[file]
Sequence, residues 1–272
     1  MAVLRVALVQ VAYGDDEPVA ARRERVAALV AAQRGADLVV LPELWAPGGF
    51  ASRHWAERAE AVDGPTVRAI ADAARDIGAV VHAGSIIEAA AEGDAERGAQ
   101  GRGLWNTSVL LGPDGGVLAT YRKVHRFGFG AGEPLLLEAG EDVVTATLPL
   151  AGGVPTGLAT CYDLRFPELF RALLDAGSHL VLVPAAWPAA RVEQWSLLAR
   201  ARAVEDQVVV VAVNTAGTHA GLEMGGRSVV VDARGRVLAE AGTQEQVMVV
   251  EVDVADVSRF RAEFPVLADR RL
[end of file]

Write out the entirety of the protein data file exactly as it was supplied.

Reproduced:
Sequence, residues 1–272
     1  MAVLRVALVQ VAYGDDEPVA ARRERVAALV AAQRGADLVV LPELWAPGGF
    51  ASRHWAERAE AVDGPTVRAI ADAARDIGAV VHAGSIIEAA AEGDAERGAQ
   101  GRGLWNTSVL LGPDGGVLAT YRKVHRFGFG AGEPLLLEAG EDVVTATLPL
   151  AGGVPTGLAT CYDLRFPELF RALLDAGSHL VLVPAAWPAA RVEQWSLLAR
   201  ARAVEDQVVV VAVNTAGTHA GLEMGGRSVV VDARGRVLAE AGTQEQVMVV
   251  EVDVADVSRF RAEFPVLADR RL